In spite of MADD warnings and DUI risks, far too many folks find themselves throwing back cocktails at the bar with car keys in their pocket or purse. But the fact remains that until they get pulled over and given a breathalyzer test, most people are not aware how much (if at all) they can drink before they safely and legally get behind the wheel.
Enter The Boozelator, a breathalyzer vending machine that dispenses straws for bar patrons to check their own alcohol levels—a strategy that is intended to create awareness of the dangers of drunk driving and also to allow patrons to check and see if they are safe to drive.
The Boozelator (blodad.com), which was showcased during the latest edition of the New York Bar & Wine Show, was created by Florida-based brothers Stephen and Gabriel Jacobs after they realized their home state had one of the largest indexes of DUIs in the country. Concerned by the statistics, they decided to be proactive about it. “We came up with this machine because there is nothing else like it on the market,” Gabriel Jacobs says. “It’s put in a bar for safety reasons so patrons can gauge how intoxicated they are and if it is safe to drive home, and prior to this machine they had no idea.”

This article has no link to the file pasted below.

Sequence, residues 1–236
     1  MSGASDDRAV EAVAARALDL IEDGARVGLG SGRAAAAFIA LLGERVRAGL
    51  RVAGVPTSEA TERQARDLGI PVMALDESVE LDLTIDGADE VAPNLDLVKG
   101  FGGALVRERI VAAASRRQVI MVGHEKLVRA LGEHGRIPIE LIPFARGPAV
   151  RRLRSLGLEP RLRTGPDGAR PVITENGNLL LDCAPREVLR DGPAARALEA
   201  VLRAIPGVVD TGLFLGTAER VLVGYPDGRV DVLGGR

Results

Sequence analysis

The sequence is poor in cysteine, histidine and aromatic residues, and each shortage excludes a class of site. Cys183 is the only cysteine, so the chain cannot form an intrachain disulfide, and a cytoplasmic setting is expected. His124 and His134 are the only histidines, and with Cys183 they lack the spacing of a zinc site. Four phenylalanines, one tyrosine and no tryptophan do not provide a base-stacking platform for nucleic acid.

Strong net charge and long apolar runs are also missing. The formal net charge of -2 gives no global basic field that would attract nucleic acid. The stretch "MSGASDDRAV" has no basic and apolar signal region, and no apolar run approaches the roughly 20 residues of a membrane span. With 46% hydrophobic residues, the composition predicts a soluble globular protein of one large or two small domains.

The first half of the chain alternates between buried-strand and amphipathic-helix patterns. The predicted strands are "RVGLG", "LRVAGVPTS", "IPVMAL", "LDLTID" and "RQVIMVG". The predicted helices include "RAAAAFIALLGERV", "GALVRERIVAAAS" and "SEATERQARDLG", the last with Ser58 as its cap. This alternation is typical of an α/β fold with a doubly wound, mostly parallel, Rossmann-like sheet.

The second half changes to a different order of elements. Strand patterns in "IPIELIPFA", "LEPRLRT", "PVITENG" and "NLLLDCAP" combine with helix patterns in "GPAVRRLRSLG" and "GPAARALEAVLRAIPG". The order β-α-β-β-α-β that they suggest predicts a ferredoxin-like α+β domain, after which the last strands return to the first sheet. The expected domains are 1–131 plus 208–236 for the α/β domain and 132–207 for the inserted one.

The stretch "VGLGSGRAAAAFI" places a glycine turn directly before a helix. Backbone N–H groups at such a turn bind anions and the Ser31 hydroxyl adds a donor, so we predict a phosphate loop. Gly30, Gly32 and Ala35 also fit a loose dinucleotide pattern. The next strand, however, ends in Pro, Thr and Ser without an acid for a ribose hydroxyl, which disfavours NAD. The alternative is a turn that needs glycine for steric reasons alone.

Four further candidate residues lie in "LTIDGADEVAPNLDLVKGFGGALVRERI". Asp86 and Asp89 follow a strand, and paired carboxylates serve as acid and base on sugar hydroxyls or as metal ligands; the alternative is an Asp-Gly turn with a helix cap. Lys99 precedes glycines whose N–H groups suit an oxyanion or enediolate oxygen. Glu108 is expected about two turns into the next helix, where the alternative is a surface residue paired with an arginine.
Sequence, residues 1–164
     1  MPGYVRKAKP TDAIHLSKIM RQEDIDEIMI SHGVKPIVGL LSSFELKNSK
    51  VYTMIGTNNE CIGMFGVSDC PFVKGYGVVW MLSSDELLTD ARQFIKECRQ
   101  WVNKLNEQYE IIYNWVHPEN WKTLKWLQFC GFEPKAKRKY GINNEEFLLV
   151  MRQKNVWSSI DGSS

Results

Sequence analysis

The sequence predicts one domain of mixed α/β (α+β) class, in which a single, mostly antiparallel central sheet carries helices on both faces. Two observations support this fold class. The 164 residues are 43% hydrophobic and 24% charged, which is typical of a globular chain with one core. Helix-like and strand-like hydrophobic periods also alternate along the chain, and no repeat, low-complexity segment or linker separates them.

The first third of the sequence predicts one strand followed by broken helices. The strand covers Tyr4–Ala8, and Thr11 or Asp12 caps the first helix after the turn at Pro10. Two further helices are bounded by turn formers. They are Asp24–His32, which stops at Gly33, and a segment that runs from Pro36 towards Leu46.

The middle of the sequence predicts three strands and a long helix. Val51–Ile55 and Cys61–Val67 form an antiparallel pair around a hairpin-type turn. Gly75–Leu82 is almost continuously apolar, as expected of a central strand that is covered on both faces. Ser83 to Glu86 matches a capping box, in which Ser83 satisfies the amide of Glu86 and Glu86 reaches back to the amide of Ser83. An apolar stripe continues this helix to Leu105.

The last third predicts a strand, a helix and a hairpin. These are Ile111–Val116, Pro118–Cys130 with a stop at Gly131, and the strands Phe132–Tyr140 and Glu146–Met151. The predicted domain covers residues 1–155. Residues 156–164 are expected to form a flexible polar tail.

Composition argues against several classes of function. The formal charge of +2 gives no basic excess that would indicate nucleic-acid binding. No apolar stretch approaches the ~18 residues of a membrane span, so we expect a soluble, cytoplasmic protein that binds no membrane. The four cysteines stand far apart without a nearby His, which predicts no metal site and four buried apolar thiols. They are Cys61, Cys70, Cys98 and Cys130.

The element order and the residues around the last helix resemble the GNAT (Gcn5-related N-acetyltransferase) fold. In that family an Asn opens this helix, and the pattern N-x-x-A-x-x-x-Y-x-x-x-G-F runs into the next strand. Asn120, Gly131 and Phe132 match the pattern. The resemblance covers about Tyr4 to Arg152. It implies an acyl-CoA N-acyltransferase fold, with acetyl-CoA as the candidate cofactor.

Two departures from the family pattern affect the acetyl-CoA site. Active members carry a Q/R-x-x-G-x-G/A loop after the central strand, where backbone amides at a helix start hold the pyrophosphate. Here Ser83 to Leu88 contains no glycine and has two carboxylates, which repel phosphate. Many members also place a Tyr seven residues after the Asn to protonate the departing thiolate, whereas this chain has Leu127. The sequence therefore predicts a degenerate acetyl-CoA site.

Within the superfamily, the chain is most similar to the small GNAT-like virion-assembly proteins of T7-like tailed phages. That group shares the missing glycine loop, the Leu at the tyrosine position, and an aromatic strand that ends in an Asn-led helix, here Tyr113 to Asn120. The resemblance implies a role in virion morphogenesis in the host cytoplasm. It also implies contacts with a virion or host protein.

I tested the machine twice over the event’s two days. After a few samples of wine and Korean soju, I blew a cool 0.07, which would make me sober enough to drive home. The second time, after a seminar on the evolution of tequila, I ended up with 0.10, and with that result I got a big sign of ‘danger’ on the screen. Thankfully, I had the New York subway just a few blocks away, so I was not in danger of being arrested as I made my way out. But I did wonder about all the other participants who had actually left their cars in the parking lot.
The Boozelator has been on the market since September 2010. “We are in Canada, on our way to Australia and in all the US states,” Gabriel says, adding that the state of Michigan is preparing legislation to require bars and restaurants to carry machines like this in every establishment that serves alcohol. (Ernest Barteldes)